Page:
Year Released: 2013
MPAA Rating: Unrated
Running Time: 76 minutes
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Bryan Tucker’s documentary Closure tells the story of his wife, Angela, as she attempts to track down her birth parents and her extended birth family. Raised alongside other likewise adopted siblings in the very large Burt family, Angela is supported by her adoptive parents as she investigates her birth family, hoping to… well, she’s not always sure what it is that she’s hoping to get out of the experience, but she feels she must go through with it anyway.
The challenge in reviewing a documentary like this is finding the separation in the emotional connection and journey from the practical filmmaking components to see it as a film that can be reviewed. And my answer there is, like practically anything, to be as honest as I can in regards to every element, as they occurred to me while watching. It’s a tricky balance to find, because when a film is this deeply personal, sometimes you wonder if your criticisms are of the film, or if you’re crossing a line to review the personal. I guess that’s the risk with creating a film like this and sharing it, but I feel it is important to express that this isn’t a case where I can easily put the emotional connections aside.
Which is the plus and sometimes minus of this experience. On the plus side of things, it is an emotional journey that you can’t help but get caught up in. You get so wrapped into it, honestly, that a sense of protection of the participants arises, even in the viewer. Which is where the minus presents itself, as I found myself pulling away from the film at times, feeling like it was too personal to be shared with me. Logically I can find many a reason why this film should exist, and the benefits in it for not just the participants (just look at the title), but others who may be on similar journeys. In the moment, however, I sometimes felt like I was sitting in on conversations I shouldn’t have been.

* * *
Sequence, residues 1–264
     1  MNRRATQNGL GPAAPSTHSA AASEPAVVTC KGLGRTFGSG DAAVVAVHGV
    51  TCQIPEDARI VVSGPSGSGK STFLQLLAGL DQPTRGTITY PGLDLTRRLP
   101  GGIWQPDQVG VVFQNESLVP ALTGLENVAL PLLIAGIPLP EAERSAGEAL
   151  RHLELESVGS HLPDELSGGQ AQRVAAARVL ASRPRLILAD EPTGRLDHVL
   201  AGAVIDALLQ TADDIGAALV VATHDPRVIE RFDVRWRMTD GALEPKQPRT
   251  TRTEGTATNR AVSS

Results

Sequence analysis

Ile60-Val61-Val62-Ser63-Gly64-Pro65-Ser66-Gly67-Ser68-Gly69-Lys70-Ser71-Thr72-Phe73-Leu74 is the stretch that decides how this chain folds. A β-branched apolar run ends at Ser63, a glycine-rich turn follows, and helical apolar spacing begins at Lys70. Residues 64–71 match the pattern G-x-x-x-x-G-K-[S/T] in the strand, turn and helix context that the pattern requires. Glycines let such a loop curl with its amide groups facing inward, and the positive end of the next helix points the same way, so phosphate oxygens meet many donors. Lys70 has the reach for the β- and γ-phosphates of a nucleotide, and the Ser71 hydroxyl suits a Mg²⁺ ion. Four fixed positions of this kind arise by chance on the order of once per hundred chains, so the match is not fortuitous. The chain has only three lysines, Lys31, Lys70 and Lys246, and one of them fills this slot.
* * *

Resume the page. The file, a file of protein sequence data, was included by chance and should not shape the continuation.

I can’t understate how emotionally powerful an experience this film can be. Emotions can be messy things, and when you open yourself up to going along with the film, it’s not necessarily going to be a gentle trip. This film can knock you around, but to its credit (or more appropriately, to the credit of all involved), there’s a strong thread of love throughout it all, which keeps you from getting knocked too far. It is ultimately, for all the hills and valleys, a very positive, uplifting film.
And since I got those paragraphs and thoughts out of my system, I can look at the practical side of the filmmaking with clearer eyes. As far as the documentary form goes, this doesn’t re-invent the wheel. It’s polished and put together well, and utilizes the familiar “talking heads” structure mixed with the actual on-the-fly footage (which looks quite good). If it stumbles in its presentation, it’s in the editorial sense as it applies to the emotional beats of the film.
Without giving away too much about the film, as I feel folks should see this and experience it without too much knowledge of what happens when for the greatest impact, the editorial thread begins to feel a bit muddled around the forty minute mark or so, as the film has hit an emotional peak and then seems to try to cover as much ground as possible. The result is that the film feels like it has finished its journey, but suddenly is still going… and going. It does eventually deliver a more than exceptional climax, but the slight focus shift, even for those ten minutes or so before it picks up steam again, undermines the power of the engagement that preceded it.
At least that’s one way to look at it. Another would be to say that it makes editorial sense as a moment to collect your breath and take an emotional step back. Another view would be that it is a case of stalling the narrative to pad out to a feature length, when the strongest film might actually land somewhere in the fifty to fifty-five minute range.
Ultimately, I appreciate that Closure thinks enough of an audience to share everything that it does. At the same time, it is such an intense, private experience at times that I’m not entirely sure I should’ve shared in it. Again, though, if sharing this is what helps someone else with their own journey, then I completely understand the motivation behind its existence. This isn’t the type of film I would consider “entertainment.” Try, “cathartic” or “therapeutic” instead. That’s not meant to be taken in a negative sense.
This film was submitted for review through our Submission for Review system. If you have a film you’d like us to see, and we aren’t already looking into it on our own, you too can utilize this service.
Posted on August 28, 2013 in Reviews by Mark Bell
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